In the declaration of taking, the estate taken is said to consist of the continuing perpetual right to cut to ground level and to remove trees, bushes, shrubs or any other perennial growth or undergrowth infringing upon or extending to a height within 10 feet of the glide angle plane and/or transitional planes described in an attached schedule and to cut to ground level, remove and prohibit any such growth which could in the future infringe upon or extend into or above said planes, the right to remove, raze or destroy those portions of buildings, other structures or land infringing upon or extending into or above said planes and the right to prohibit the future construction of buildings or other structures infringing upon or extending into or above said planes, and the right of ingress to and egress from and passage on and over said tract to effect and maintain said clearances. The glide angle plane therein referred to is described as a trapezoidal plane beginning at the level of said runway at a point on the prolongation of the center line of the main east-west runway 1,000 feet west of the end of the runway and sloping upward at a rate of 1 foot vertically for each 50 feet horizontally for a width of 1,500 feet at the place of beginning, a length of about 10,000 feet and a width of 4,000 feet at the westerly end. The transitional planes therein referred to extend upward and outward, from the boundaries, one on each side, of the glide angle plane, at a rate of 1 foot vertically for each 7 feet horizontally, measured at right angles to the center line of the main east-west runway, and are triangular in shape. The base of each is 750 feet long and is a prolongation of the easterly boundary of the glide angle plane and the sides are about 5,300 feet long.
The amendments filed by the plaintiff added to the complaint and the declaration of taking a topographic map, marked 'Schedule 'B' (Supplement),' showing the contours of the surface of the defendant's lands, a profile of the surface at the prolonged center line of the runway, large clumps of trees, both in plan and profile, and superimposed thereon, the glide angle plane and the transitional planes. As appears from this map, the topography of the defendant's land is such that, at the point closest to the end of the runway, the glide angle plane would be only about 16 feet above the level of the ground. To the north of this point the ground rises until, at a point along the boundary about 600 feet north of the center line of the runway prolonged, the glide angle plane is at ground level. To the west of this point the ground rises until at its highest point it intrudes more than 5 feet above the glide angle plane. It further appears from the map, Schedule 'B' (Supplement), that trees now standing on the defendant's land intrude above the glide angle plane for a horizontal distance of about 1,200 feet westwardly from the boundary common to the airport, some by as much as 70 feet above the clearance line.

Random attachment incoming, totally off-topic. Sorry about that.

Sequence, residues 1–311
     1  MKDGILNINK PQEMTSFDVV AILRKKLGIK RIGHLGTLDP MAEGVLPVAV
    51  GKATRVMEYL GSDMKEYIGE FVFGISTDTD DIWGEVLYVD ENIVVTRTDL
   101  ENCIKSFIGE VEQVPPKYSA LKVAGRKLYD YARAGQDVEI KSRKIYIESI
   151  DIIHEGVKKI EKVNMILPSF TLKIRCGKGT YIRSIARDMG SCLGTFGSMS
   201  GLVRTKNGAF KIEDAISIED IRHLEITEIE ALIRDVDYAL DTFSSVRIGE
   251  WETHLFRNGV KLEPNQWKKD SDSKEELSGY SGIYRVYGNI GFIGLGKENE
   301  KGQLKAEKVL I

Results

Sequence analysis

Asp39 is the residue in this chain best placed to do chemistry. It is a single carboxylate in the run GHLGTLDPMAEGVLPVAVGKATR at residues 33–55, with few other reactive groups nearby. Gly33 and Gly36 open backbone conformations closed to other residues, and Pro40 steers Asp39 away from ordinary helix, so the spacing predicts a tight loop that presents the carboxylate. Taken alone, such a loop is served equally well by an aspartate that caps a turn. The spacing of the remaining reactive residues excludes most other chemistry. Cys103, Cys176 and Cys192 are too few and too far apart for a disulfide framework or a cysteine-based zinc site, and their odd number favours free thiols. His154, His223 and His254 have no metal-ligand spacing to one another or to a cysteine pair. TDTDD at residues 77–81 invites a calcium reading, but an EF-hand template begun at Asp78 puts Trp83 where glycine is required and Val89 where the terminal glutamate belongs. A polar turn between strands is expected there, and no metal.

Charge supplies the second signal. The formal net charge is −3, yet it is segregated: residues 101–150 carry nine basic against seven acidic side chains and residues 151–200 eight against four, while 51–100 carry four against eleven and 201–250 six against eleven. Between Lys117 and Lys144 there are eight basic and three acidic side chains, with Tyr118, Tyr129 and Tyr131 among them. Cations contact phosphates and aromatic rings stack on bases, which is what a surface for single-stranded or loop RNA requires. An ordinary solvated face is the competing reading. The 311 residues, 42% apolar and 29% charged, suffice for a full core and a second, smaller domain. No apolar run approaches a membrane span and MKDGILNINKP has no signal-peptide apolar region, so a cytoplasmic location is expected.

It is the view of this court that the complaint and declaration of taking are not in compliance with the requirements of Rule 71A and 40 U.S.C.A. § 258a. The first requirement in both the statute and the rule is a statement of the authority for the taking. The next requirement is a statement of the public use for which the lands are taken. Equally important also is a statement of the estate or interest in said lands taken for public use. The complaint will be dismissed and the declaration of taking set aside because they are deficient in not showing the authority for the taking as well as not sufficiently describing the public use or the estate or interest in the land taken. This court is not entirely in accord with all of the reasons advanced by defendant for dismissal. It is believed, however, that the court's reasons, requiring the entry of the order of dismissal, are substantially in accord with the objections raised by defendant.
In the first place, my view is in accord with that of Judge Hartshorne of this district expressed in United States v. 29.40 Acres of Land, D.C., 131 F.Supp. 84, at page 86:
'But 'the power of eminent domain is not dependent upon any specific grant (in the United States Constitution); it is an attribute of sovereignty, limited and conditioned by the just compensation clause of the Fifth Amendment.' Hanson Lumber Co. v. United States, 1923, 261 U.S. 581, 587, 43 S. Ct. 442, 444, 67 L. Ed. 809 (parentheses the Court's). The policy to be followed in exercising this implicit governmental power has been delineated many times by the policy-making branch of the Government, the Congress.'
However, as is stated in United States v. Rauers, D.C., 70 F. 748:
'A fundamental principle of law controlling all matters of this character is that every statute which undertakes to appropriate in any manner the property of private persons for public use, must be strictly construed. One of the great aims of government is to secure to each citizen the enjoyment of his estate. On the other hand, in cases of public necessity, the right of the individual must yield to the right and demand of the public; but, since that demand is in derogation of private right, it must be closely scrutinized, and the expression of legislative purpose in ...